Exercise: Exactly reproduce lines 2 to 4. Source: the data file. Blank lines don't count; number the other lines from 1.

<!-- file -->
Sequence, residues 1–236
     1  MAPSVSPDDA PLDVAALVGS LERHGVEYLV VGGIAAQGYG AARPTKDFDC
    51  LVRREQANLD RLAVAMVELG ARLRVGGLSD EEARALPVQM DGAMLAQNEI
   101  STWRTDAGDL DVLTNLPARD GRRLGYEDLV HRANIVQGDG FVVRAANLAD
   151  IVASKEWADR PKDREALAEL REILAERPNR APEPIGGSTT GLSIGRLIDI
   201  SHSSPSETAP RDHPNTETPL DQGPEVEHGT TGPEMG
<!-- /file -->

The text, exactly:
     1  MAPSVSPDDA PLDVAALVGS LERHGVEYLV VGGIAAQGYG AARPTKDFDC
    51  LVRREQANLD RLAVAMVELG ARLRVGGLSD EEARALPVQM DGAMLAQNEI
   101  STWRTDAGDL DVLTNLPARD GRRLGYEDLV HRANIVQGDG FVVRAANLAD